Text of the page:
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by John Jeremiah Sullivan
From haikus to a macroeconomic treatise on American industrialism – with lots of novels and story collections in between, of course – here's what we're reading.
Maybe the problem is that musicians keep living clichéd lives that can’t be made into anything but clichéd movies.
Kent Russell, like John Jeremiah Sullivan, never adopts the let’s-laugh-at-the-Clampetts pose common to inferior writers of inferior non-fiction.
I took Pulphead by John Jeremiah Sullivan on my summer vacation, and nothing will ever be the same.
Eddie, the main character, no longer wants to be a protagonist. He simply wants to no longer feel like a failure, which is a pretty good definition of adulthood at this moment.
It’s hilarious and sad and all the usual things we say a work of literature is when we mean it seems to contain all of life.
It’s the sort of book that turns you into an evangelist, in an almost embarrassing way, like, reaching into your purse to wave a copy in peoples’ faces when someone casually mentions, “I hear you’re writing about cricket?”
With four books graduating to our Half of Fame, we have a new number one, three debuts and one returning title on our list.
A Millions favorite debuts on the list, and big changes are afoot next month.
With four books graduating to our Hall of Fame, we have a new number one, and four new books on our list.
We are creating a generation of riff artists, who see their job not as creating wholly new original projects but as commenting upon cultural artifacts that already exist.
Are poor rural white people really neglected in American literature? Hardly. They might be routinely scorned, marginalized, misunderstood, and reduced to caricature, but they’re not neglected. In fact, the canon is larded with writers who’ve put the riches of white trash culture to wondrous use.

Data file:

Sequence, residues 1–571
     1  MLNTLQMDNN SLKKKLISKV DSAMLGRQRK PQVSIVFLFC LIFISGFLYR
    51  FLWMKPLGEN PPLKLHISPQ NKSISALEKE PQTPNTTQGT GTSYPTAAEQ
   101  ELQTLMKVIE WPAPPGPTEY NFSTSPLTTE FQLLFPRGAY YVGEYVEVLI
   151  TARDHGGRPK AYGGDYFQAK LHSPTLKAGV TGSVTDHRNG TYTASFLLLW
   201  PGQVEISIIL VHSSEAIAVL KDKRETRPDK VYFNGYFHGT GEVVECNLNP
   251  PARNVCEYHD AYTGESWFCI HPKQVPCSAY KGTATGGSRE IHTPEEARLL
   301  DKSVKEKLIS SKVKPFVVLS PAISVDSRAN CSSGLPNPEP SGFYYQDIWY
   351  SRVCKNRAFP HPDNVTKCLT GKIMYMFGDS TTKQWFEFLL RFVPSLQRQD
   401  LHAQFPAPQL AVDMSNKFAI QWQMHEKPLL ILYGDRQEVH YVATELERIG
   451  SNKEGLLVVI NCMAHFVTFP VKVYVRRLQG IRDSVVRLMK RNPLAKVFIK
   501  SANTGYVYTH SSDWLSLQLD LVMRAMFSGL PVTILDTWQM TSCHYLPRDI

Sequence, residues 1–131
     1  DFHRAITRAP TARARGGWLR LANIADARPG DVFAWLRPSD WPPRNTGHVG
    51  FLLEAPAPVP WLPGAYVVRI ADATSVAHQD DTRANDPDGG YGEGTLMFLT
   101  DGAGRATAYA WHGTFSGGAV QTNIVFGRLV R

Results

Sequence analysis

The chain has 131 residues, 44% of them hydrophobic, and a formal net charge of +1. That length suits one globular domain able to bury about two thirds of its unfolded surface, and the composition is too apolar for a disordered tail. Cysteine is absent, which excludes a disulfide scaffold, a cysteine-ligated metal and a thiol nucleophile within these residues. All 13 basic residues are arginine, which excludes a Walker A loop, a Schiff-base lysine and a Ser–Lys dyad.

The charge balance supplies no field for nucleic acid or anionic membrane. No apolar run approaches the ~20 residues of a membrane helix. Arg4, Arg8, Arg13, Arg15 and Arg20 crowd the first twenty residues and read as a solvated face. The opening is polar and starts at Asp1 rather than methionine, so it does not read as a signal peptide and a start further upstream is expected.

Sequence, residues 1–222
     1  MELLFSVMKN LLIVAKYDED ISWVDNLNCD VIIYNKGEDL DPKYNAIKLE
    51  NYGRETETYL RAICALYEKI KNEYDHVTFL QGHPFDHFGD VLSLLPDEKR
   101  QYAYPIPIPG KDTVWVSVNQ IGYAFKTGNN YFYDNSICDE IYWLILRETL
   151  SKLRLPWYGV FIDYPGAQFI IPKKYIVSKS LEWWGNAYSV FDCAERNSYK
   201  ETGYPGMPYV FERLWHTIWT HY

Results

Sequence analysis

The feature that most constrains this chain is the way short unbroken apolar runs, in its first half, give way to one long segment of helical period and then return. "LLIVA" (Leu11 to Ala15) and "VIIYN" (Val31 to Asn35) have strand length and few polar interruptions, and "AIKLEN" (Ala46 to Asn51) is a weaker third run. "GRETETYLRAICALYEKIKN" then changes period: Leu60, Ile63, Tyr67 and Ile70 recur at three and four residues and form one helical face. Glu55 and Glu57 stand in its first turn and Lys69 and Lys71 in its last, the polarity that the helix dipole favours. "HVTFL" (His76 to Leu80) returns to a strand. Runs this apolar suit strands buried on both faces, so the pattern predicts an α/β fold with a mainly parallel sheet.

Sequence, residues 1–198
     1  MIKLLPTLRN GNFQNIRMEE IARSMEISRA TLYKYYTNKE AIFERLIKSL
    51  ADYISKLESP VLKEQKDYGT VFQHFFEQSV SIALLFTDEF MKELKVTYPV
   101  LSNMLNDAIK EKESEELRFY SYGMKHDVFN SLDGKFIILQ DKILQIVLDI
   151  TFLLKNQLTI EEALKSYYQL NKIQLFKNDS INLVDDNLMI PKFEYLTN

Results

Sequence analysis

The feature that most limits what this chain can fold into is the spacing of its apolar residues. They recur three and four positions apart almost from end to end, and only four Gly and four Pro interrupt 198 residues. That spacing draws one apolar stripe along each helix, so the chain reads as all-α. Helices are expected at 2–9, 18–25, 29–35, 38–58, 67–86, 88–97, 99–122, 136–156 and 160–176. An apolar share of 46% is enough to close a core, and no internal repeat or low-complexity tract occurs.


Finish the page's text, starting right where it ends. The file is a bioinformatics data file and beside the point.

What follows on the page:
Murakami returns to the top spot, but a shake-up is coming next month.
No new books were able to break in this month, but a couple were making strong moves higher on the list.
As we've noted in the past, the NBCC seems to do a better job of catching the zeitgeist than other major prizes like the National Book Award and the Booker, which like to play kingmaker by annointing less well known titles.
Every word I say or write about John Jeremiah Sullivan's Pulphead turns instantly to mush. Yes, he's that good.
Behold: a museum of my failures, an atlas of incompletion, a tour of the ruins of a future that never came. I call it "Reviews I Did Not Write This Year."
This year I read a book that was so good it gave me that sick-sweet feeling of envy-awe when I finished the last page. Damn, I thought, I wish I’d written that!
I wanted to dislike this book. The point is that I went into this book hating it. I was proven so, so wrong.